The study provided below is meant to present the biblical data on the subject of alcohol. While I’ve provided some commentary with each passage, which is meant to guide the reader to notice context and the according proper interpretation, everyone should be convinced in his own mind by the Scriptures about how to live these principles in a way pleasing to the Lord. And, note that those ways may change over the course of one’s lifetime, due to following the leadership of the Spirit of Christ. [Notice that I have included these clear biblical principles within the study.] Each of our lives have people in them who need us to be wise and deny our own self, so that the reputation of Christ may be upheld. Sometimes that equates to partaking of a thing or situation, and sometimes that demands our abstaining. That being said, no one should live by others’ “standards” and no one should have to endure false guilt or needless shame. Either the Bible is the sole authority for faith and life-practice, or we accept men and culture and traditions as our authority. [This is not to say one should go against governmental authority; I speak only to the insecurity of reverencing men above God.] Whether it is alcohol, food, people or the Bible; anything can be abused. We all need good doses of humility and the willingness to be perfectly transparent, when coming to subjects like this. In that attitude, I present the most pertinent biblical data on wine, drink and strong drink.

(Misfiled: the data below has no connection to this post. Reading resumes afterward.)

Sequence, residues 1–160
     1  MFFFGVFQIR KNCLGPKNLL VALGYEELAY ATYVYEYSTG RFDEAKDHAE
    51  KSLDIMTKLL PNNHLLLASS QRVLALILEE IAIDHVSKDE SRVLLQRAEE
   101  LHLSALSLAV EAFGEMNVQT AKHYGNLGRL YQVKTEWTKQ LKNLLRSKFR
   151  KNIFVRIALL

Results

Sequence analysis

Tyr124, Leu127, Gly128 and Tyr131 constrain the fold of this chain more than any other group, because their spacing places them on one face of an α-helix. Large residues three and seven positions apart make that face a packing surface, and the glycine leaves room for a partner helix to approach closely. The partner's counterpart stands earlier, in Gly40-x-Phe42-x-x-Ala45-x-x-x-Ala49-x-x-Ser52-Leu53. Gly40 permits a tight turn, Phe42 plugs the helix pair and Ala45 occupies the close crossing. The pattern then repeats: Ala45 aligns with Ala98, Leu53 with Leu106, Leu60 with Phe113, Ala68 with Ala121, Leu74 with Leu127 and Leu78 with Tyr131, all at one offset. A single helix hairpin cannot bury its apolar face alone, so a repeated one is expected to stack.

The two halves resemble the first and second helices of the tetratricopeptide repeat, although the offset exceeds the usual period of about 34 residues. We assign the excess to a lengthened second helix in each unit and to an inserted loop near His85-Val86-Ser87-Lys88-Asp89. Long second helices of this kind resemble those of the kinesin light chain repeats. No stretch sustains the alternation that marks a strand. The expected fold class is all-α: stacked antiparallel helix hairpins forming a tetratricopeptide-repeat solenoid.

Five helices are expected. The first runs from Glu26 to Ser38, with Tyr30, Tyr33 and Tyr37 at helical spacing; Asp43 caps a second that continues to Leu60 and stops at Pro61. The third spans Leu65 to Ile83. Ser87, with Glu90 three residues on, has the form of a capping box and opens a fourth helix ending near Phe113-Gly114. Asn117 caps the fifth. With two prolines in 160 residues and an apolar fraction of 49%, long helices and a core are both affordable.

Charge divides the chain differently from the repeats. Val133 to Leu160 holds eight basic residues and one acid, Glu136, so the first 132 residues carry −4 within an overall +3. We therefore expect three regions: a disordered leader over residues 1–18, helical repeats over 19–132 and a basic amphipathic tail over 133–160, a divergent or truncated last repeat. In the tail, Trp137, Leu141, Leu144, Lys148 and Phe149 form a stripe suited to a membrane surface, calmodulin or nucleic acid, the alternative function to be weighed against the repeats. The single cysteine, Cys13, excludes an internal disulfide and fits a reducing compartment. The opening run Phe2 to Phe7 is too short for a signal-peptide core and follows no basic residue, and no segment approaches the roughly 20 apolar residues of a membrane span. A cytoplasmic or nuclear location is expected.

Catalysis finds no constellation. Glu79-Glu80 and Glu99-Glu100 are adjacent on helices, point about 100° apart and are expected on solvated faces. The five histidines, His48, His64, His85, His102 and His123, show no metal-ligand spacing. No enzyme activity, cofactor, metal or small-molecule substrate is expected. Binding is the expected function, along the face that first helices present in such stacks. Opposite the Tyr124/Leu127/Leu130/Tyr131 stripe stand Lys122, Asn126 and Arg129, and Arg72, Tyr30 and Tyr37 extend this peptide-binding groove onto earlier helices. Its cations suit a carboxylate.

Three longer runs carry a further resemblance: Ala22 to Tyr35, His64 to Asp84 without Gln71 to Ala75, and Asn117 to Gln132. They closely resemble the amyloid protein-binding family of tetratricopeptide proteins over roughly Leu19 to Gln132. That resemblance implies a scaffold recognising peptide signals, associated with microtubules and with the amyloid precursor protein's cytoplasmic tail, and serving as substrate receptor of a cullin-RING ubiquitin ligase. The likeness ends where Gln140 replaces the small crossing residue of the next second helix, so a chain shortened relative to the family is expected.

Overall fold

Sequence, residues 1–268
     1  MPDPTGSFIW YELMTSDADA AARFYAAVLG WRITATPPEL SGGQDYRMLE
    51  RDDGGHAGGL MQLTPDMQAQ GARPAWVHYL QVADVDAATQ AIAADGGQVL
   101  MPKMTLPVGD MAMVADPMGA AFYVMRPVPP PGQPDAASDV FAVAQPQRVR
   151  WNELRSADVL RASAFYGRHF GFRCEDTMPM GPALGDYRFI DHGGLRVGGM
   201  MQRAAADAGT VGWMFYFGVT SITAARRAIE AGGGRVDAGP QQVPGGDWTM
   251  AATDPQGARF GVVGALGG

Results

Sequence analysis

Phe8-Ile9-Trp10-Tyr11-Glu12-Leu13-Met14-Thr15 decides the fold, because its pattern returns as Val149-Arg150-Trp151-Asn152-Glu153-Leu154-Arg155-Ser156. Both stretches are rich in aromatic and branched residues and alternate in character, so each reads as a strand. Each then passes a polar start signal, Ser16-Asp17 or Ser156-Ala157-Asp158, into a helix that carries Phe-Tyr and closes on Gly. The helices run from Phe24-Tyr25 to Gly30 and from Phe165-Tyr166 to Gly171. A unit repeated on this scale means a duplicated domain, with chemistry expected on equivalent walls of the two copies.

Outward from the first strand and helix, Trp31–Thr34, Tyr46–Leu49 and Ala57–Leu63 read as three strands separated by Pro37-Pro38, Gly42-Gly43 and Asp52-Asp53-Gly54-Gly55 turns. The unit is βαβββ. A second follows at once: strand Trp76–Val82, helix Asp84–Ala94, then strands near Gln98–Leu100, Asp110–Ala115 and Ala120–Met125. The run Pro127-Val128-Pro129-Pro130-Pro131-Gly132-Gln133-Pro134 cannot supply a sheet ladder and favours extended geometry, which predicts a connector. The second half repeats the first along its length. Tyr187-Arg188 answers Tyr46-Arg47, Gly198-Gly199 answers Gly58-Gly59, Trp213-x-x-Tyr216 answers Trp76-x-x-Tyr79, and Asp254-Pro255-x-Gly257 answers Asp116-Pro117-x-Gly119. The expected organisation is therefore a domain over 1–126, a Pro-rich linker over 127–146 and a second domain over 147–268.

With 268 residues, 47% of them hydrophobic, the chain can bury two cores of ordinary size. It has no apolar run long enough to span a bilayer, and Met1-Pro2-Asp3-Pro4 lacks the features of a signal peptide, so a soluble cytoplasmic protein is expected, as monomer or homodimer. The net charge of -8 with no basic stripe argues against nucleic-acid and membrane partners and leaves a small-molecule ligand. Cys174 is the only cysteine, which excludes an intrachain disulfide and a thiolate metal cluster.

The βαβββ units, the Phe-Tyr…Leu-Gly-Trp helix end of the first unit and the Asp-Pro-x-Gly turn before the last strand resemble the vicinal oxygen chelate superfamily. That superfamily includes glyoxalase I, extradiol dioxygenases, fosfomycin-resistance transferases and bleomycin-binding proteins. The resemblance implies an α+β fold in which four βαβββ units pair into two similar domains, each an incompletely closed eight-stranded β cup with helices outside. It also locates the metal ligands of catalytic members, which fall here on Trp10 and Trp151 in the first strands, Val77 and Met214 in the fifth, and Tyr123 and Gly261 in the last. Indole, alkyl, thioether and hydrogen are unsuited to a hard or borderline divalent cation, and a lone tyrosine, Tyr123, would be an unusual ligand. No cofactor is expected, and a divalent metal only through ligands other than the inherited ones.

Deut. 14:22-26 (NASB)
(22) You shall surely tithe all the produce from what you sow, which comes out of the field every year. (23) You shall eat in the presence of the LORD your God, at the place where He chooses to establish His name, the tithe of your grain, your new wine, your oil, and the firstborn of your herd and your flock, so that you may learn to fear the LORD your God always. (24) If the distance is so great for you that you are not able to bring the tithe, since the place where the LORD your God chooses to set His name is too far away from you when the LORD your God blesses you, (25) then you shall exchange it for money, and bind the money in your hand and go to the place which the LORD your God chooses. (26) You may spend the money for whatever your heart desires: for oxen, or sheep, or wine, or strong drink, or whatever your heart desires; and there you shall eat in the presence of the LORD your God and rejoice, you and your household.
Not only does this passage challenge traditional view about the tithe, but it also shows that God actually commands the tithing Israelite to use the tithe to worship God in a joyful and thankful way, including the purchase of “wine or strong drink” for the purpose of rejoicing in the presence of God… as a celebration of His ability to provide. God loves to see us enjoying his blessings with thankfulness. Thankfulness for blessing is always acceptable to God; it is the fruit of our lips (Heb. 13:15).
Deut. 29:5-6 (NASB)
(5) I have led you forty years in the wilderness; your clothes have not worn out on you, and your sandal has not worn out on your foot. (6) You have not eaten bread, nor have you drunk wine or strong drink, in order that you might know that I am the LORD your God.
Bread and wine are here used as symbols of prosperity, as things that can only be produced by a people which permanently possess a land to grow and process grain and grapes. Though the Israelites had been exhiled to the desert for 40 years, God took care of their basic needs miraculously (being that they were in the desert), and He preserved what they had miraculously. This shows His care. Furthermore, God’s use of the phrase “had no bread to eat or wine to drink… that you might know I am the Lord your God” must be understood as God’s elimination of abundance, the desire for which was the source of the Israelites often murmuring against God. God sent Israel into the desert in order to learn how to trust God and be satisfied with Him. Notice that God did not say anything to the negative of wine’s use, but He casts a view on it as being a symbol of a people’s permanence in a land in contrast to the then-nomadic Israeilites.